- Facilitating collaborative interaction between the school and other agencies that work with the student
- Reporting the child’s educational progress and needs to the Court on a bi-annual basis
- Participating in school meetings (Optional): such as PTA, Home/School Club, school board meetings, parent advisory committee meetings
- The Educational Advocate will receive the same 30 hours of training as a Court Appointed Special Advocate (CASA), which includes training on Educational Advocacy. The average monthly time commitment is 3 to 5 hours a month, per child, depending on their individual needs.
CASA volunteers mentor youth by challenging them, inspiring them and motivating them. In a child welfare system that is constantly changing: change in social workers, change in schools, and change in placements, a CASA volunteer is the one consistent figure in the child’s life who is always there to help them manage the difficulties and challenges of foster care. CASA volunteers prepare court reports and submit court recommendations at every court hearing in order to improve the child’s experience in care and ensure that their voice is heard. Every year CASA serves over 250 vulnerable youth, helping transform a life of tragedy into a life of hope.
C.A.S.A. strives to improve the lives of foster care youth and youth on probation through mentoring and advocacy efforts from trained community volunteers with the support of collaborative partners to improve youth educational achievements, overall well-being, establish community connections and foster positive relationships for a successful transition into interdependence. No child should go through this experience alone, become a C.A.S.A. volunteer!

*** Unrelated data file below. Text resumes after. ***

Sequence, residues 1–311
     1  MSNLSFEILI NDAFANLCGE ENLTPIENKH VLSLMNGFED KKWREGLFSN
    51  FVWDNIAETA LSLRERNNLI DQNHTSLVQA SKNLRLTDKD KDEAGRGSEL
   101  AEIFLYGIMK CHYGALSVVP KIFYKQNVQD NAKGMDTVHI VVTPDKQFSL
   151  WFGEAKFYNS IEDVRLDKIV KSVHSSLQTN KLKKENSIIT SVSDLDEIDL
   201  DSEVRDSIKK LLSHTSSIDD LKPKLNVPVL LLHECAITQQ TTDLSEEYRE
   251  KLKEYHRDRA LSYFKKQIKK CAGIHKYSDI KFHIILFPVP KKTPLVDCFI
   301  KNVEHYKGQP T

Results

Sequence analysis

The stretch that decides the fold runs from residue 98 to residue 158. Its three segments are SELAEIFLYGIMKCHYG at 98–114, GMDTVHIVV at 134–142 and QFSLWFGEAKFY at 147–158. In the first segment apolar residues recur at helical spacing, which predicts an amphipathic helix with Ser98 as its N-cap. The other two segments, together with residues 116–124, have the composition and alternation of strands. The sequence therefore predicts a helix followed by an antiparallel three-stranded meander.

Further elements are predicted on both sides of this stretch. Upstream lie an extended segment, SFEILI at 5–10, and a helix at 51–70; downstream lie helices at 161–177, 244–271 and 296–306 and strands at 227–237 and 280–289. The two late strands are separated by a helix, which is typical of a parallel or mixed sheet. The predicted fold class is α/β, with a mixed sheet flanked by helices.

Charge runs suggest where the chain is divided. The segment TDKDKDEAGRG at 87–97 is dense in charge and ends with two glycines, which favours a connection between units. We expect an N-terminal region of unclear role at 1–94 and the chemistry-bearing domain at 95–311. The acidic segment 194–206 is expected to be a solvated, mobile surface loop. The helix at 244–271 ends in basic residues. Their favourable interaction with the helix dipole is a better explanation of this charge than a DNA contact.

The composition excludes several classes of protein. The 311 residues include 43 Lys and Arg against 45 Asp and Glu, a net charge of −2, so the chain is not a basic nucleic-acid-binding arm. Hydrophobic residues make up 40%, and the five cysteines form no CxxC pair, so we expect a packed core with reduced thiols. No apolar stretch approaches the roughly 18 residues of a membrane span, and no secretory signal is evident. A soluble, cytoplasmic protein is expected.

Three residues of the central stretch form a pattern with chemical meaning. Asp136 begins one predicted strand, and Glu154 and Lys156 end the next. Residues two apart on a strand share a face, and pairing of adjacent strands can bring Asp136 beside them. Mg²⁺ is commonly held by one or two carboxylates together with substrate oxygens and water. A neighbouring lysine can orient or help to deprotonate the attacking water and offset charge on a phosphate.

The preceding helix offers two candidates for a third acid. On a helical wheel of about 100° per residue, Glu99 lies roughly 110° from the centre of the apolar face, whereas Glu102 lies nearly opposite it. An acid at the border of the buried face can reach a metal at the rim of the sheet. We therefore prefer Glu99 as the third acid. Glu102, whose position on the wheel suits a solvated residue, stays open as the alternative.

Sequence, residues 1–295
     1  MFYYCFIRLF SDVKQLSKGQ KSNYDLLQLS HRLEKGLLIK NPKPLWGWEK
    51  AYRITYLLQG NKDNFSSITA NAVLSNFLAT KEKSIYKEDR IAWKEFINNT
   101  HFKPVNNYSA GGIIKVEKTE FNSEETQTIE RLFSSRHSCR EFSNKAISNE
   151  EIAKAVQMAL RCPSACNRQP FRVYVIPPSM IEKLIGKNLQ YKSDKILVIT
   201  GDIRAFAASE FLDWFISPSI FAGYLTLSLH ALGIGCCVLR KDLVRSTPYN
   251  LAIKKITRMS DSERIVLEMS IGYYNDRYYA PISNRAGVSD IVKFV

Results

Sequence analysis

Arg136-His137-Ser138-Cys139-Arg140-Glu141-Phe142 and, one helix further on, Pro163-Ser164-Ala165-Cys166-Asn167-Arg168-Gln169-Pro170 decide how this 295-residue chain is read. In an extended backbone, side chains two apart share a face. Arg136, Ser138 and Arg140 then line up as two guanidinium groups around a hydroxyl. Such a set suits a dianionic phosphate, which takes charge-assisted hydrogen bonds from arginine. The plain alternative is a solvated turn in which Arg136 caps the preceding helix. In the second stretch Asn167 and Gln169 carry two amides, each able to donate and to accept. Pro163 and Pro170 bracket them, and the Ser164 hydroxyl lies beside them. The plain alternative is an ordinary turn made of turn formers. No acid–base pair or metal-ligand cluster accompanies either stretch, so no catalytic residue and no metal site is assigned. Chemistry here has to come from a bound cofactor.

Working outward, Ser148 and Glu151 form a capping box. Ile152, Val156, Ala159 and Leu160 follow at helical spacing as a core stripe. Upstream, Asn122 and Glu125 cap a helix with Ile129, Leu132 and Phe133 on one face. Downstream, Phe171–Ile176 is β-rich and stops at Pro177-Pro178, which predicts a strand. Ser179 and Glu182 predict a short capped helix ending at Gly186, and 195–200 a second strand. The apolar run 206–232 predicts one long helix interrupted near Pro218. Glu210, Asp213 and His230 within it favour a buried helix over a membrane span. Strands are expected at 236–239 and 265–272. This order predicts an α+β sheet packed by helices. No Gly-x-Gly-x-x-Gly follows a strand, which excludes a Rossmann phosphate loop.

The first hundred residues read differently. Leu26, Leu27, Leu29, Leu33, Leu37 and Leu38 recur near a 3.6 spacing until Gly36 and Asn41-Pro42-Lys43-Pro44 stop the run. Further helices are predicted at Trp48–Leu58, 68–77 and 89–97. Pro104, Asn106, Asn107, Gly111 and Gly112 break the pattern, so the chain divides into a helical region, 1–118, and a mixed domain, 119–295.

How Does a CASA Volunteer Differ from a Social Service Caseworker? Social Workers are generally employed by state or county governments. They sometimes work on as many as 40 cases or more at a time, therefore they are not always able to have an individual understanding of each youth on their caseload. The CASA worker is a volunteer with more time and works with only 1 or 2 youth at a time. The CASA Volunteer does not replace a social worker on a case; he or she is an independent appointee of the court.
How Does the Role of a CASA Volunteer Differ from an Attorney? The CASA volunteer does not provide legal representation in the courtroom. That is the role of the attorney.
Do Lawyers, Judges and Social Caseworkers Support CASA? Yes. Juvenile and Family Court Judges implement the CASA program in all of their courtrooms and appoint the volunteers.
How many CASA Programs are There? There are now more than 1,000 CASA programs in all 50 states, with more than 70,000 volunteers. In California there are currently 46 programs.
Are there Any Other Agencies or Groups That Provide the Same Service? No. There are other child advocacy organizations, but CASA is the only program where volunteers are appointed by the court to have the specific responsibility of looking after the child’s best interest.